Bouncers frequently become violent with those they find in possession of drugs. Another student, Henry, recalled bouncers searching his wallet and then subjecting him to excessive force after they saw him attempt to hide ketamine in his pocket. 

    “It was clear they felt I had crossed them,” Henry said. “At first I was held against the wall, and I was trying to wiggle out so then they pushed me to the floor. One of them was on my legs while the other was in my face.”

    “And I asked, ‘Can you please let me go?’ And he just kept going. The bruises were testament to how much force was unnecessarily used.”


    Private Security Firms

    Some clubs directly profit off of criminalization, subsidizing their operations by selling confiscated drugs. “In the dodgier places [door staff] take your drugs and your money off you and blackmail you, absolutely. It’s bloody terrible,” Bart Easter, general manager at Rock City in Nottingham, told Filter. “The manager, whoever, someone is making money from it.”

    Those sorts of arrangements by club staff in smaller venues, hosting events for crowds of a few hundred people, aren’t going anywhere anytime soon, Easter said. But for larger, more established clubs like Rock City—which regularly sees crowds of 3,000 people—it’s more likely that private security firms are the ones behind the routine extortion of students.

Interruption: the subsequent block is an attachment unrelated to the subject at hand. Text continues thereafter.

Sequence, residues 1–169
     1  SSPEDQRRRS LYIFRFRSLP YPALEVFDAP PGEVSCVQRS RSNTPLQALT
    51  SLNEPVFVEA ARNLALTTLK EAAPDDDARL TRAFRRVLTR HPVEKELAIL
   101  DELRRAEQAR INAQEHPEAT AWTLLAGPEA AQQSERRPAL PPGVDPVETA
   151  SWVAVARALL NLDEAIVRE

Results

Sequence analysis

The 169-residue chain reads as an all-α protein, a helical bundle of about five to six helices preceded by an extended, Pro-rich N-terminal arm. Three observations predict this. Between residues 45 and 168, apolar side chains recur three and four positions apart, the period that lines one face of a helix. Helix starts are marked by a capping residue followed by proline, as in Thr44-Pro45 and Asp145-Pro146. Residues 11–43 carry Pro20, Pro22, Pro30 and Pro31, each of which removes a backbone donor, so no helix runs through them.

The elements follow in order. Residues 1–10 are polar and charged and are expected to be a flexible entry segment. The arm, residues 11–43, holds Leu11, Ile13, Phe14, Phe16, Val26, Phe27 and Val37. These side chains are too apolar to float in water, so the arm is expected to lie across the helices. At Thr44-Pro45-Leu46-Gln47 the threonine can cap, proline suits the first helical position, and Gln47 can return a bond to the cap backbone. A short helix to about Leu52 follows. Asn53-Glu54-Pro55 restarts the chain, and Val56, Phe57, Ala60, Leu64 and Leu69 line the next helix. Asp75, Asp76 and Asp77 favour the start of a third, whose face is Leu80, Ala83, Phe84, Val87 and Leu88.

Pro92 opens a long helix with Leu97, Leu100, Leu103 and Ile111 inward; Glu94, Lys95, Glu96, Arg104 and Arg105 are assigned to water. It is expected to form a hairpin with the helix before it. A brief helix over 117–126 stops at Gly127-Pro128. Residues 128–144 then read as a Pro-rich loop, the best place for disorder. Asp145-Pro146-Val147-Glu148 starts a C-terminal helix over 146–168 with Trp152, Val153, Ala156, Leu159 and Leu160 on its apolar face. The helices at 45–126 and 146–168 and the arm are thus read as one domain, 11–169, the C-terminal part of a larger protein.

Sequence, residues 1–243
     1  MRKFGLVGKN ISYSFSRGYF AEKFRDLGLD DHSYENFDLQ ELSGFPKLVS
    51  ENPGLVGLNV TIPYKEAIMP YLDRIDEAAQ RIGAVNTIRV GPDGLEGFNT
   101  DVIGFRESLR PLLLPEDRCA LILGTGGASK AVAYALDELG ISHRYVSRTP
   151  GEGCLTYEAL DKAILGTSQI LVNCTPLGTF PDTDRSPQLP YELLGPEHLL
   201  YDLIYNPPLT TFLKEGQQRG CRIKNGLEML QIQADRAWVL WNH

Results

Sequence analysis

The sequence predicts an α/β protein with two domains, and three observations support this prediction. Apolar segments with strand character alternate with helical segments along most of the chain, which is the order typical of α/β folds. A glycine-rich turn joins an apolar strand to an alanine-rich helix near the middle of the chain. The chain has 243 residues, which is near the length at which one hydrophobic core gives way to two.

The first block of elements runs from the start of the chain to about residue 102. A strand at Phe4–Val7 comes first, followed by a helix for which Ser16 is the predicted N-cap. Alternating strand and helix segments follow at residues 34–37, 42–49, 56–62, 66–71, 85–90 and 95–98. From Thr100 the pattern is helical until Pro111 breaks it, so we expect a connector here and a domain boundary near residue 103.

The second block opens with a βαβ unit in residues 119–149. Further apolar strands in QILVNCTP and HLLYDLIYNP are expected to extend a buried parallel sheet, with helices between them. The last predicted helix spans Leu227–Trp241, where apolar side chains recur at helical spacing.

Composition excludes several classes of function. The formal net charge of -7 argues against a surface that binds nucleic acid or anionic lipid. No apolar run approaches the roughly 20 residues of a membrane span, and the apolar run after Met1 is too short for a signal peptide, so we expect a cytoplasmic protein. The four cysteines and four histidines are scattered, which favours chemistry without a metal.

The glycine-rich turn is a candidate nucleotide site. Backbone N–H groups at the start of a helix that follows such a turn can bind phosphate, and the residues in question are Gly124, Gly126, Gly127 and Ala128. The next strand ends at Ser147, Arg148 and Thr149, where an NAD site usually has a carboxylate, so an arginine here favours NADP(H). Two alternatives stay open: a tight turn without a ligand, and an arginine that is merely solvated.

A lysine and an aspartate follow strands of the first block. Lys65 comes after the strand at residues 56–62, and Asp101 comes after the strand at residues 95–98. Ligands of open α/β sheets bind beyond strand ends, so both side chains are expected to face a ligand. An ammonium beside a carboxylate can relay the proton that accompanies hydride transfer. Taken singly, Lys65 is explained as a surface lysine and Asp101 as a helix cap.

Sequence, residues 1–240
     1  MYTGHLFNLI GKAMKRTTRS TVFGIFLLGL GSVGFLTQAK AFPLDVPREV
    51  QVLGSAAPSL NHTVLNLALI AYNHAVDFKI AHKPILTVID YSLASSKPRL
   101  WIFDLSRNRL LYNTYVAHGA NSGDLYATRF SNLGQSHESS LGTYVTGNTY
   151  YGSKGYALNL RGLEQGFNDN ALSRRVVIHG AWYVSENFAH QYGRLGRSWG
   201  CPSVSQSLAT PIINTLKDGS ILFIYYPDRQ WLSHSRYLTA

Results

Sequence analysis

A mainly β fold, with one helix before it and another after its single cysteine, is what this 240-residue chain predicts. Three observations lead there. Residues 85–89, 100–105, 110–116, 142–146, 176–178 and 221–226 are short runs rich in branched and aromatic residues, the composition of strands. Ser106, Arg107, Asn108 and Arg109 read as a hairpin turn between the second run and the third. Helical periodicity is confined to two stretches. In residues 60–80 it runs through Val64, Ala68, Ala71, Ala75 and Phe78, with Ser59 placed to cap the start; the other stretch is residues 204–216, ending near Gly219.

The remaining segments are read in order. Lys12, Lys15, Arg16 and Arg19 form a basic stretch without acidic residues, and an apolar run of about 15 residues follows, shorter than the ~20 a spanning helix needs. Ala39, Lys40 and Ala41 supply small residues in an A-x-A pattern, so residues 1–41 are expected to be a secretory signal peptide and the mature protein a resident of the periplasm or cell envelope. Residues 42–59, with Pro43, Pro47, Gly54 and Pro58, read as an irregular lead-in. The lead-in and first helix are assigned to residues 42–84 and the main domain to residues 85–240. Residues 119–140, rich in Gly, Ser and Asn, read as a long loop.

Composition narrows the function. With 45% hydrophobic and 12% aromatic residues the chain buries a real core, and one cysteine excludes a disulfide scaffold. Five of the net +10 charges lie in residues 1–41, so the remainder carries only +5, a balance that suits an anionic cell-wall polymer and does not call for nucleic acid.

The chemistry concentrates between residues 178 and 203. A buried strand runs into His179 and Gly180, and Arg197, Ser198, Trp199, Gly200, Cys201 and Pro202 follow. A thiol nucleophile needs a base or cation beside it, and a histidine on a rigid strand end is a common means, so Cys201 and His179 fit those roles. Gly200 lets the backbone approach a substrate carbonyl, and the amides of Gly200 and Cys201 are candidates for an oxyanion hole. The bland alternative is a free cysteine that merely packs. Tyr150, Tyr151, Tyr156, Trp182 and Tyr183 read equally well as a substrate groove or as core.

Easter said that a former Rock City head of security was incarcerated a few years ago for instructing staff to confiscate drugs that were then sold by people he invited into the club. Since then, according to Easter, Rock City has implemented undercover operations and one-to-one staff reviews to avoid that happening again.

    “Decriminalizing would stop ruining the lives of young people who get caught with drugs.”

    In the UK, there’s a strong connection between security firms and organized crime groups. “They all run security firms and they all say that’s their legitimate business and they’ve left all that ‘other stuff’ behind,” Neil Woods, chairman of LEAP UK and a former undercover narcotics cop who now advocates against the drug war, told Filter. “Which is nonsense, of course … it’s all just the expansion of organized crime.”

    Decriminalizing or legalizing drugs would undoubtedly cut down on this kind of exploitation—you can’t really blackmail someone in the same way if what they’re doing is not a criminal offense. Though Woods emphasized the need for a regulated market, he believes there are many smaller productive steps that could be taken in the meantime. 

    He cited certain UK police commissions that have implemented more progressive drug policies. The Chief Constable of Durham, Mike Barton, advocated a move away from arresting people in possession of drugs for personal use. And the city of Birmingham has introduced a decriminalized zone with drug testing facilities.

    “Decriminalizing just the possession of an illicit substance would reduce the stigma,” Woods said. “It would also stop ruining the lives of young people who get caught with drugs.”



    *All students’ names have been changed to protect their privacy

    Photograph via Pixy

    • Rory is journalist writing on policy, psychology and music. He is interested in drug policy reform and the fight to make UK nightlife safer. He lives in Sheffield, England.